Have A Safe Trip
Education and Advocacy The importance of travel vaccination.
It can already be difficult for Canadians to navigate the sea of vaccines recommended for adults to receive for protection against diseases prevalent here at home. How much more difficult is it to make informed decisions when travelling to other parts of the world where different, and potentially much more deadly, diseases are endemic.
For many people, travel vaccination is an afterthought rather than a conscious part of their planning for a trip or vacation. And even when people do give consideration to travel vaccination, they are notoriously bad at evaluating the real risks involved. “People have a pretty hard time assessing risk,” says Dr. Brian Ward, a professor of Medicine and Microbiology at McGill University.
"Travellers are also often exposed to food or water contamination at more adventurous third world destinations. Hepatitis A is seldom seen in Canada these days, but is a common disease elsewhere."
This is particularly true when it comes to diseases that travellers may be unlikely to catch but which are devastating when they do, like typhoid, yellow fever, or rabies. “A one in five thousand risk means you have to vaccinate five thousand people to prevent one case. But each case of these diseases is really very bad.”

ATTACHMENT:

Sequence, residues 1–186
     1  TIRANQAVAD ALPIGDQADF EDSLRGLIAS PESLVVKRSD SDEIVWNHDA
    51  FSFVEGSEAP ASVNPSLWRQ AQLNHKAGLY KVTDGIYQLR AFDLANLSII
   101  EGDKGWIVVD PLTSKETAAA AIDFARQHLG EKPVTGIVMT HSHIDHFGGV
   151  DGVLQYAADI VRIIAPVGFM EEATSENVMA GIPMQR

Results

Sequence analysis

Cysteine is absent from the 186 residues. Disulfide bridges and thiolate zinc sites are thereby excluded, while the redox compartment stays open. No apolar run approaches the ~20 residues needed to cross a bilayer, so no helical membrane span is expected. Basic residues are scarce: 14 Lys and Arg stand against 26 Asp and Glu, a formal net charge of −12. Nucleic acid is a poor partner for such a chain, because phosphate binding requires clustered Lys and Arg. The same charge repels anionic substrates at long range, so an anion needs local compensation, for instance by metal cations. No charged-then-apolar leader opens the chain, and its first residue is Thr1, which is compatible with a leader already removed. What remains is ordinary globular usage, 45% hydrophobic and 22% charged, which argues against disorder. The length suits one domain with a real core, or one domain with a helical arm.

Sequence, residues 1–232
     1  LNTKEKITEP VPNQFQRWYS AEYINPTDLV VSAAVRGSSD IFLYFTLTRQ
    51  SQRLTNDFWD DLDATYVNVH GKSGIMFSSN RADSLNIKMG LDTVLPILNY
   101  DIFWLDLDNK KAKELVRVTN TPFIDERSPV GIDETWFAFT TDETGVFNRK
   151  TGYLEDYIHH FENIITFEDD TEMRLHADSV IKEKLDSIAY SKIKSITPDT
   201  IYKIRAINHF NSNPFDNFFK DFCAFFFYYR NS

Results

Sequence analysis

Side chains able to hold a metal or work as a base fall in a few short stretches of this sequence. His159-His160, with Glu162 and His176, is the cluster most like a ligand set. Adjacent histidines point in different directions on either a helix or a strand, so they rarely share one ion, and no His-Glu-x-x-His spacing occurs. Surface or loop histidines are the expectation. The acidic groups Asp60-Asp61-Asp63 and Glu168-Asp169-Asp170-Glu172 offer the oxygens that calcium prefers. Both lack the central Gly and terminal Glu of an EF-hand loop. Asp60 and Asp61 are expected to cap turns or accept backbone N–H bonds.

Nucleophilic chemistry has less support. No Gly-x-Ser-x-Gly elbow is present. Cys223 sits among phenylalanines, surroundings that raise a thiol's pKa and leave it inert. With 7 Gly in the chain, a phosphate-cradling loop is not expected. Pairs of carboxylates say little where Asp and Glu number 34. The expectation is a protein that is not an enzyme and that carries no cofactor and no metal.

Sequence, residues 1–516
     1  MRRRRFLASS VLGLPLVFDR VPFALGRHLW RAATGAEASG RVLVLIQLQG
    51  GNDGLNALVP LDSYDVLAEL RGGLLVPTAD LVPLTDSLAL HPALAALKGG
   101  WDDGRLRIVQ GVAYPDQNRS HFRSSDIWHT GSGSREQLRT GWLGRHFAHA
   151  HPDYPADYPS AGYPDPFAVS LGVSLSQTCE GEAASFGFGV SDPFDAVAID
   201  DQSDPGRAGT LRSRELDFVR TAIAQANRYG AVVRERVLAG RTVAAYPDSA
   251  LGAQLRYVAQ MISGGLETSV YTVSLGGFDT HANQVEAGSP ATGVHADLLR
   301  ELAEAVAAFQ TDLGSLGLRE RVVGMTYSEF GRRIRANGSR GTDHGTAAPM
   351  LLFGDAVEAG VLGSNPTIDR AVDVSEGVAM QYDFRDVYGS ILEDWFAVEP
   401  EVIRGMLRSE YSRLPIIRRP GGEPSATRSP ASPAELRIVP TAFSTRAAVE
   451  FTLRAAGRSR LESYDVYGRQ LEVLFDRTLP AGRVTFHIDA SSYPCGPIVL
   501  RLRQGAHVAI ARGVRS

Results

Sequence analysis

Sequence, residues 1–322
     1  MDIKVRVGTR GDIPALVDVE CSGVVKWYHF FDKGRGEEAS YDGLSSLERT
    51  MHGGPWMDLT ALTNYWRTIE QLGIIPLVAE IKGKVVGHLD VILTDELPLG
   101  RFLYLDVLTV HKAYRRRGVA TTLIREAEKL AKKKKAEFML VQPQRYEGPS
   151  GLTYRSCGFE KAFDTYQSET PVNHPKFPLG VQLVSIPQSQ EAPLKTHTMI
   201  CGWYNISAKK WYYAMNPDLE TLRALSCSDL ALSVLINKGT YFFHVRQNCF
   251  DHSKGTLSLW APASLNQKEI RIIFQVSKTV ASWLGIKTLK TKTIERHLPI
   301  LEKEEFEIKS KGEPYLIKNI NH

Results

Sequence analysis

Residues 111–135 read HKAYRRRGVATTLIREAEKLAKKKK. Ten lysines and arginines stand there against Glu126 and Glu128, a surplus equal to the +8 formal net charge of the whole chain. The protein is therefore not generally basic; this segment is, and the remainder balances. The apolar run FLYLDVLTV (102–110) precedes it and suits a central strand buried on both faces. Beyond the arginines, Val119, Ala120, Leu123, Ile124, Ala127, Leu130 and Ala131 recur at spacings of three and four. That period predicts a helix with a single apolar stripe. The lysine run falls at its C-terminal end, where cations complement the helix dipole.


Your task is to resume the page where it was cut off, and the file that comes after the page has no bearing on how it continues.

And the issue goes well beyond leisure travellers. “There is a large group of people returning to introduce their Canadian-born kids to relatives back in the old country,” says Dr. Ward. “We call these people VFR (Visiting Friends and Relatives) travellers, and they are at massively elevated risk for just about everything. In many cases they are nonchalant about the risk, because they came from these countries themselves.”
Travellers are also often exposed to food or water contamination at more adventurous third world destinations. Hepatitis A is seldom seen in Canada these days, but is a common disease elsewhere. There is a vaccine.
Currently, very few travellers even consider travel vaccines (perhaps as low as 15 or 20 percent), and the numbers are even lower among VFR travellers who are usually at higher risk. The most important thing, says Dr. Ward, is to make an appointment at a travel clinic in the early planning stages of your trip to receive information about recommended vaccines and to help you properly assess the costs and risks involved.